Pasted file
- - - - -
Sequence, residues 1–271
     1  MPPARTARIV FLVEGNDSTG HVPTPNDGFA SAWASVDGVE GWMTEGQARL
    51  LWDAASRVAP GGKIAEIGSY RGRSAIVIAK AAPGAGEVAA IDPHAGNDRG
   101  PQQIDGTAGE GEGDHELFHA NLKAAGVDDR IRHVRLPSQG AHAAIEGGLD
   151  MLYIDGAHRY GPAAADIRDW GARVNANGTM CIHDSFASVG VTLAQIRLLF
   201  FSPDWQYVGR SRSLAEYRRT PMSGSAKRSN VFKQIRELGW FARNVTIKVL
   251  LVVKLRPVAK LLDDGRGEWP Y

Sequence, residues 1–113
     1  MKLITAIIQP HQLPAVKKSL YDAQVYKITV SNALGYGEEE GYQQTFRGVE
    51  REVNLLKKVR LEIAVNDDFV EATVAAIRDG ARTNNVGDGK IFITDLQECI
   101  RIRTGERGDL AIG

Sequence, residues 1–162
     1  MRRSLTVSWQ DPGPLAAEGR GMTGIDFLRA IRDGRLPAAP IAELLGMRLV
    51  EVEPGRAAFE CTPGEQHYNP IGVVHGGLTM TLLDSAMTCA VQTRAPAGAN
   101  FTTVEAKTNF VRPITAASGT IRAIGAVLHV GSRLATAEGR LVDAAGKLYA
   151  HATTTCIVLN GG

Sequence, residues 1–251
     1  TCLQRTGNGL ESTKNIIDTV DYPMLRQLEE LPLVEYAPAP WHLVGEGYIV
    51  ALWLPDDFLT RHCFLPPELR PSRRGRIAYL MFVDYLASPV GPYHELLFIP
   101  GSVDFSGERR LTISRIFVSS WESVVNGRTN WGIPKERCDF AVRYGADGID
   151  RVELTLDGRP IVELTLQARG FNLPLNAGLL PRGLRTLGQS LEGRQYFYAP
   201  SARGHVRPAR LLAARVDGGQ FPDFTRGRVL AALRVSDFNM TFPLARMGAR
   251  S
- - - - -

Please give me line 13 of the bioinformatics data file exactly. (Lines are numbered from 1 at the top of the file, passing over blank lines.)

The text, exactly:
     1  MRRSLTVSWQ DPGPLAAEGR GMTGIDFLRA IRDGRLPAAP IAELLGMRLV